The attached presentation is the second one of a sequence of three that we want to do on Quantum Mechanics using Computer Algebra. The first presentation was about the equation for a quantum system of identical particles, the Gross-Pitaevskii equation (GPE). This second presentation is about the spectrum of its solutions. The level is that of an advanced undergraduate QM course. The novelty is again in the way these problems can be tackled nowadays in a computer algebra worksheet with Physics.

 

The Gross-Pitaevskii equation and Bogoliubov spectrum
  

Pascal Szriftgiser1 and Edgardo S. Cheb-Terrab2 

(1) Laboratoire PhLAM, UMR CNRS 8523, Université Lille 1, F-59655, France

(2) Maplesoft, Canada

 

Departing from the equation for a quantum system of identical boson particles, i.e.the Gross-Pitaevskii equation (GPE), the dispersion relation for plane-wave solutions are derived, as well as the Bogoliubov equations and dispersion relations for small perturbations `&delta;&varphi;` around the GPE stationary solutions.

Stationary and plane-wave solutions to the Gross-Pitaevskii equation

 


Problem: Given the Gross-Pitaevskii equation, NULL

I*`&hbar;`*psi[t] = (G*abs(psi)^2+V)*psi-`&hbar;`^2*%Laplacian(psi)/(2*m)

  

a) Derive a relationship between the chemical potential mu entering the phase of stationary, uniform solutions, the atom-atom interaction constant G and the particle density n = abs(psi)^2 in the absence of an external field (V = 0).

  

b) Derive the dispersion relation for plane-wave solutions as a function of G and n. 

  

 

Background: The Gross-Pitaevskii equation is particularly useful to describe Bose Einstein condensates (BEC) of cold atomic gases [3, 4, 5]. The temperature of these cold atomic gases is typically in the w100 nano-Kelvin range. The atom-atom interaction are repulsive for G > 0 and attractive for G < 0 , where G is the interaction constant. The GPE is also widely used in non-linear optics to model the propagation of light in optical fibers.

Solution

   

The Bogoliubov equations and dispersion relations

 

 

Problem: Given the Gross-Pitaevskii equation,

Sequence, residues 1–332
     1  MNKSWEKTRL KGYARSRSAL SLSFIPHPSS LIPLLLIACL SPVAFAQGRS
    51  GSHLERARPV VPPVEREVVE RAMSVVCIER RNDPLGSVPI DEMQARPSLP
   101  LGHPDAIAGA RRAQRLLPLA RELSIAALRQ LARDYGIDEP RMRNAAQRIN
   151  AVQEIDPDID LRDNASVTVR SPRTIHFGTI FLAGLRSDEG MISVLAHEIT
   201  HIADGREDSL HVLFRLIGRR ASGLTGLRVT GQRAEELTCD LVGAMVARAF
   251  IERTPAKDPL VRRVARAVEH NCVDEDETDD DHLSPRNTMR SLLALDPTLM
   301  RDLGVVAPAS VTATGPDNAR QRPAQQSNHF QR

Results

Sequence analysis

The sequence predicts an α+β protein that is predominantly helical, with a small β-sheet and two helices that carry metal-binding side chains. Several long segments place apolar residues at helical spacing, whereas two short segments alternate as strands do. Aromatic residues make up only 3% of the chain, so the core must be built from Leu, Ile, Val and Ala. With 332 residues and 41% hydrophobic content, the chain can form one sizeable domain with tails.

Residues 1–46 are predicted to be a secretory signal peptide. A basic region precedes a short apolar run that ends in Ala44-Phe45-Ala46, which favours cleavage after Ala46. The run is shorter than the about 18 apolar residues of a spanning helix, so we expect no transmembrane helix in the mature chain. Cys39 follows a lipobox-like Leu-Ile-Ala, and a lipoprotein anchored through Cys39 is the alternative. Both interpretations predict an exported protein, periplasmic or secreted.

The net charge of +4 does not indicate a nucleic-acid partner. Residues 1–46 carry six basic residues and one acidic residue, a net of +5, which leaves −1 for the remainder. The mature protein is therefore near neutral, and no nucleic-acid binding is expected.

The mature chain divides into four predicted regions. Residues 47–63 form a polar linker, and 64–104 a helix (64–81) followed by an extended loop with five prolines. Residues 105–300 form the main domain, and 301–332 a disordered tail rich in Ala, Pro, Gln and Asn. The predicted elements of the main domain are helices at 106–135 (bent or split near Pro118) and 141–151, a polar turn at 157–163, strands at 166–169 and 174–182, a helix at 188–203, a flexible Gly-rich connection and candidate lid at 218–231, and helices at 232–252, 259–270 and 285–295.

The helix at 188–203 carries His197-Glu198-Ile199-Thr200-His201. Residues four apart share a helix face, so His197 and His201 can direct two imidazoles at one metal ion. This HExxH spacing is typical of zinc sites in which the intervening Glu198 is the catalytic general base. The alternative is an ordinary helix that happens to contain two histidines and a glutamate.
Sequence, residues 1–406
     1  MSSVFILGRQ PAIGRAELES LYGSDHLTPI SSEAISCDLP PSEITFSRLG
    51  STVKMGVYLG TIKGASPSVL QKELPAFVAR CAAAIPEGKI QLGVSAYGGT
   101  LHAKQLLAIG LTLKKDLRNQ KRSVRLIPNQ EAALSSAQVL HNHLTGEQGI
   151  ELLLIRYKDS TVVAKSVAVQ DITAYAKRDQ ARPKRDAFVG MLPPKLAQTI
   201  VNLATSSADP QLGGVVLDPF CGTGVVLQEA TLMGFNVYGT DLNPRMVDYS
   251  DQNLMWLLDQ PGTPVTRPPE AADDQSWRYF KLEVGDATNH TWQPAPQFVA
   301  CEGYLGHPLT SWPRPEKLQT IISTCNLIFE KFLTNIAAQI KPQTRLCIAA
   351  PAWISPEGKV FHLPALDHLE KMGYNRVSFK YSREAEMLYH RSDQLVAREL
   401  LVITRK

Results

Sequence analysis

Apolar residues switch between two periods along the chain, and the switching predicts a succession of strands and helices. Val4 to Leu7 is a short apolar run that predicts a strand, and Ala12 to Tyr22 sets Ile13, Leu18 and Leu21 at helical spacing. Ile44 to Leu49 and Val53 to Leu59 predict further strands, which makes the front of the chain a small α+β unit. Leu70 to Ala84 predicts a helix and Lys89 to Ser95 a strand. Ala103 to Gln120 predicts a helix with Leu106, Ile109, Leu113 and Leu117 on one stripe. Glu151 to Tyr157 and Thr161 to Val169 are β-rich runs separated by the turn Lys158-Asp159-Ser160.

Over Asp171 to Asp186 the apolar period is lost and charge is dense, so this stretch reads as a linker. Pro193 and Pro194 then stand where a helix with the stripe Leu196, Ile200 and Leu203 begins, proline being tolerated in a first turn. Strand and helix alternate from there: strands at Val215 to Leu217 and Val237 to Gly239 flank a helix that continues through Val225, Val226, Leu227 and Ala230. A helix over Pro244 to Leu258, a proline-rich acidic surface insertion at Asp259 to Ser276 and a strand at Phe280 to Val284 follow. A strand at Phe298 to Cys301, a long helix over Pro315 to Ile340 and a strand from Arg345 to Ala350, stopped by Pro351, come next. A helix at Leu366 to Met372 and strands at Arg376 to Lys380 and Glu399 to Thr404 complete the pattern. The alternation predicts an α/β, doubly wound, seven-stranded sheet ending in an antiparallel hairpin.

a) Derive the Bogoliubov equations, that is, equations for elementary excitations `&delta;&varphi;` and conjugate(`&delta;&varphi;`)around a GPE stationary solution `&varphi;`(x, y, z), NULL

 

"{[[i `&hbar;` (&PartialD;)/(&PartialD;t) `delta&varphi;`=-(`&hbar;`^2 (&nabla;)^2`delta&varphi;`)/(2 m)+(2 G |`&varphi;`|^2+V-mu) `delta&varphi;`+G `&varphi;`^2 (`delta&varphi;`),,],[i `&hbar;` (&PartialD;)/(&PartialD;t)( `delta&varphi;`)=+(`&hbar;`^2 (&nabla;)^2(`delta&varphi;`))/(2 m)-(2 G |`&varphi;`|^2+V-mu) (`delta&varphi;`)-G `delta&varphi;` ((`&varphi;`))^(2),,]]"

  


b) Show that the dispersion relations of these equations, known as the Bogoliubov spectrum, are given by

  

epsilon[k] = `&hbar;`*omega[k] and `&hbar;`*omega[k] = `&+-`(sqrt(`&hbar;`^4*k^4/(4*m^2)+`&hbar;`^2*k^2*G*n/m)),

  


where k is the wave number of the considered elementary excitation, epsilon[k] its energy or, equivalently, omega[k] its frequency.

Solution

   

NULL

References

NULL

[1] Gross-Pitaevskii equation (wiki)

[2] Continuity equation (wiki)
[3] Bose–Einstein condensate (wiki)

[4] Dispersion relations (wiki)

[5] Advances In Atomic Physics: An Overview, Claude Cohen-Tannoudji and David Guery-Odelin, World Scientific (2011), ISBN-10: 9812774963.

[6] Nonlinear Fiber Optics, Fifth Edition (Optics and Photonics), Govind Agrawal, Academic Press (2012), ISBN-13: 978-0123970237.

 

 

QuantumMechanics.pdf     Download QuantumMechanics2.mw

Edgardo S. Cheb-Terrab
Physics, Maplesoft

MapleSim 6.3 includes substantial improvements to the MapleSim simulation engine, resulting in faster model pre-processing times, more flexible code generation, and expanded support for Modelica-based custom components. 

For more information, see What’s New in MapleSim.

 

eithne

Hi,
Relevant developments in Physics happened during the last month and a 1/2, some of them of interest beyond the use of this package. Among the most exciting things I can mention:

  1. The redefinition of the derivative rule for the complex components (abs, argument, conjugate, Im, Re, signum) together with the introduction of Wirtinger calculus, as an user-option to work with complex variables. In other words: it is now possible to compute taking z and its conjugate as independent variables and in equal footing.
  2. Introduction of textbook mathematical display for all the inert functions of the mathematical language, also for unknown functions f(x).
  3. New options in Physics:-Setup to indicate that some mathematical objects are real (different from assume(x, real), while integrated with `is` and `coulditbe`).
  4. A rather large number of micro developments advancing the integration of Physics with simplify, expand and combine.
  5. Another large number of micro developments for quantum mechanics.